Lots of stuff is floating in space, mostly forgotten, uncontrolled, their missions long over.

How much stuff? Take a tranquilizer first and visit Stuff in Space for starters. It will show you. EVERYTHING. By name. In graphic detail. In real-time.

Doesn’t seem so roomy up there, does it?

Once upon a time, the only thing that a rocket or spacecraft could strike inadvertently was its own launch pad or perhaps its own booster rockets.

But space turned out to be a great place to populate with satellites. Lots of satellites. Sixty years later, most of these satellites, including the remains of the rockets that put them in space, orbits the earth in an increasingly precarious dance of doom.

Thankfully, space is big, even the area around our planet. Eventually, however, something floaty threatens to drift awfully close to another floaty object. When said floaty objects happen to be active satellites, people who own such satellites use whatever propulsive means to avoid it if they get sufficient notice. This happens occasionally. As Stuff in Space illustrates, Earth does have a rather decent orbital object tracking system.

This tracking system is key to the safety of not only unmanned satellites but things with people in it–particularly, the International Space Station. Once in awhile, the ISS has to use its precious orbital maneuvering fuel (or the engines of a docked Progress cargo or Soyuz spacecraft) to make a quick adjustment to the station’s orbit to reduce the possibility of getting hit by something.

It should be noted that the ISS, wing to wing, occupies an area slightly greater than an American football field (160 feet, or 48.5 m wide and 360 feet, or 109.1 m in length). That’s a big target.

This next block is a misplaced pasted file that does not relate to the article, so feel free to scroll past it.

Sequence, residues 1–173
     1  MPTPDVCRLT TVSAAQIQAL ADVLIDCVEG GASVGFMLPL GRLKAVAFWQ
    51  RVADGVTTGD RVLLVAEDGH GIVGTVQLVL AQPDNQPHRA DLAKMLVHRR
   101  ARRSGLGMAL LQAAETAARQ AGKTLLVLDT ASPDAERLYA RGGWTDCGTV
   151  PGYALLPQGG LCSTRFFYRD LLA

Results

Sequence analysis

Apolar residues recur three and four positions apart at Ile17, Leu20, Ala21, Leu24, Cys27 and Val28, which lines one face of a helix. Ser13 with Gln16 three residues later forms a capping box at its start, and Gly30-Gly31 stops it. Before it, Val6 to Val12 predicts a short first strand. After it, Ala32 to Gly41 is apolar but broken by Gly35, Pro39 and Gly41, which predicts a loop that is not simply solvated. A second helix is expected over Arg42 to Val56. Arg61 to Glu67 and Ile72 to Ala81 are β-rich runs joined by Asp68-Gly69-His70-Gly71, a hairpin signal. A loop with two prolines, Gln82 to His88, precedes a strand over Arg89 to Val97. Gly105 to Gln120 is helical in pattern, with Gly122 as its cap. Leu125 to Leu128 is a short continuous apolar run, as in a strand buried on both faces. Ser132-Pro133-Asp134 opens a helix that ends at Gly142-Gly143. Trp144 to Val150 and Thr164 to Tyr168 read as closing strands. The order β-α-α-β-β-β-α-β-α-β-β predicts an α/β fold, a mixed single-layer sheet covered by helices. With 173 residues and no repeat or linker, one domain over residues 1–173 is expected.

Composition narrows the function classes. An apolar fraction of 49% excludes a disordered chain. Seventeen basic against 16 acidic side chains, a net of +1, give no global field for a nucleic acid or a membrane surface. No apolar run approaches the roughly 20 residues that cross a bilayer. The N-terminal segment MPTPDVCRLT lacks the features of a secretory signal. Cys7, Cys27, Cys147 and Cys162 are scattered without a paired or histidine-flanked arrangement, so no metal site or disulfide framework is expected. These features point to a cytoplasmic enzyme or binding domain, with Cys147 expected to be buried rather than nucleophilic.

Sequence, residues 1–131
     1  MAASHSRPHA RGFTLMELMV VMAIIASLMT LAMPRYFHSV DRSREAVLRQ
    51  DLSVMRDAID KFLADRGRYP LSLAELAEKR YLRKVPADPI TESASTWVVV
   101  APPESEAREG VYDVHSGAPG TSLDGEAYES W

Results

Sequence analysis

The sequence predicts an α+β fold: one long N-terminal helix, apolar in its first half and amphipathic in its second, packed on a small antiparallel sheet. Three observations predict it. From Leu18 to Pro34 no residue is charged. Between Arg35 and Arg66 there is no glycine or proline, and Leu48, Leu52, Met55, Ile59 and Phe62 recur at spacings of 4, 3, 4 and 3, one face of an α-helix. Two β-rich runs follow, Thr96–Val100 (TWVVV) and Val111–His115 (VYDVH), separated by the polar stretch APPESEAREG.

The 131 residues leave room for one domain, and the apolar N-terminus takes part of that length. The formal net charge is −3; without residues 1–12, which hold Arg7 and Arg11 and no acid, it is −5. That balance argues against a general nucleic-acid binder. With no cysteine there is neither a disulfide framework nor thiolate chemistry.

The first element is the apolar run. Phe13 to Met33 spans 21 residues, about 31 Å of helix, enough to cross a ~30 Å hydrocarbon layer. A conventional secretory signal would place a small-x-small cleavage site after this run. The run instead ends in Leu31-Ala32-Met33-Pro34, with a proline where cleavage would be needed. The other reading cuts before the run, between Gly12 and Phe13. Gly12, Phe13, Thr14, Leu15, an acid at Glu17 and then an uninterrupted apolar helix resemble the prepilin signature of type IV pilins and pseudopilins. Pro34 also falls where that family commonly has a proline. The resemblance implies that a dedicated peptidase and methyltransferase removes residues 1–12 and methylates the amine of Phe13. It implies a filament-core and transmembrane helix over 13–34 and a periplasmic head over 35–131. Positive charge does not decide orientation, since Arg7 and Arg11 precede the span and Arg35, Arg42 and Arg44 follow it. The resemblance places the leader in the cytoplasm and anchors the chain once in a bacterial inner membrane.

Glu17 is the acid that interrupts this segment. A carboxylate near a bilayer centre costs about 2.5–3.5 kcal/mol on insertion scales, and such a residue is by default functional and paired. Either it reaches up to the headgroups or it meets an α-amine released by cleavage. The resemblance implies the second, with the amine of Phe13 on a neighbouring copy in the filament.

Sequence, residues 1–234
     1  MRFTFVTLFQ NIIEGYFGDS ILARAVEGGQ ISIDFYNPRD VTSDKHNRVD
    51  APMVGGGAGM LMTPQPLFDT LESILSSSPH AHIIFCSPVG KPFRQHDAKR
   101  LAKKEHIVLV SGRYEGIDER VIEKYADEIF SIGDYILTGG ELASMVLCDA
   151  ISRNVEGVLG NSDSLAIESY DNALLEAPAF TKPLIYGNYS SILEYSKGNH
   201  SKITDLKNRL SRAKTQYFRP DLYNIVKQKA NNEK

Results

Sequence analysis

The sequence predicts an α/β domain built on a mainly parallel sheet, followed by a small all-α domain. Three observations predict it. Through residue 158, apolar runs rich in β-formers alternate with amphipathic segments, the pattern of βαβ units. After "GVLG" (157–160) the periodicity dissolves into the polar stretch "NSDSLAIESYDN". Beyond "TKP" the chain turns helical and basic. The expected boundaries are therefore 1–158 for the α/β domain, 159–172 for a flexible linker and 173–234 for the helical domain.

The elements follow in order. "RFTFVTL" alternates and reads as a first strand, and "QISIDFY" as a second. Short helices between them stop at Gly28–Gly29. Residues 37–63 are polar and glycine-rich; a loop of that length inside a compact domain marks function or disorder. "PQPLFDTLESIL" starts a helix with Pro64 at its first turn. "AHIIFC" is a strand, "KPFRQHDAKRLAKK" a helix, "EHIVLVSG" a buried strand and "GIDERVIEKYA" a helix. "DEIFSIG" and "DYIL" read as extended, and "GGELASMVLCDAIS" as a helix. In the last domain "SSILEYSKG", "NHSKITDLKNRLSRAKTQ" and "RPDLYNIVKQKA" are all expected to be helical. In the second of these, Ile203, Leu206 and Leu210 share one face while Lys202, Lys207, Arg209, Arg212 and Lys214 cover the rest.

We’re not talking about light taps from incoming junk. Depending on the orbital inclination and direction, objects could strike at orbital velocities or faster. It doesn’t even have to be a massive object to cause catastrophic damage, or even for the object to be moving especially fast. More on that in a moment.

What Earth doesn’t have is an immediate solution to remove said space junk.

Ideas have been presented. Treaties and practices to reduce the rate of junk are around. Companies such as SpaceX deliberately use non-pyrotechnic means to separate their rocket stages and spacecraft to limit floaty parts as well as increase stage separation reliability.

But ominous events still occur. Let’s recap a few.

Mir/Spektr: January 25, 1997

It’s a very good time in U.S./Russian space relations. Very cordial, even fun. Perhaps over some beer and vodka, NASA and the Russian space agency work out a cooperative plan for the Space Shuttle to visit and dock with Mir, providing supplies and occasionally dropping off an astronaut for an extended stay aboard what was then the largest orbiting structure.

On this day, astronaut Mike Foale is busy on Mir as two other cosmonauts fiddle and fret with a new, experimental automated docking system for a Progress cargo spacecraft, close by and ready for final approach. The automation goes wacko during approach and Progress collides with the Kvant module before putting a tiny hole somewhere in Spektr, causing a slow depressurization of the module. I should note that Spektr doubled as Foale’s bedroom.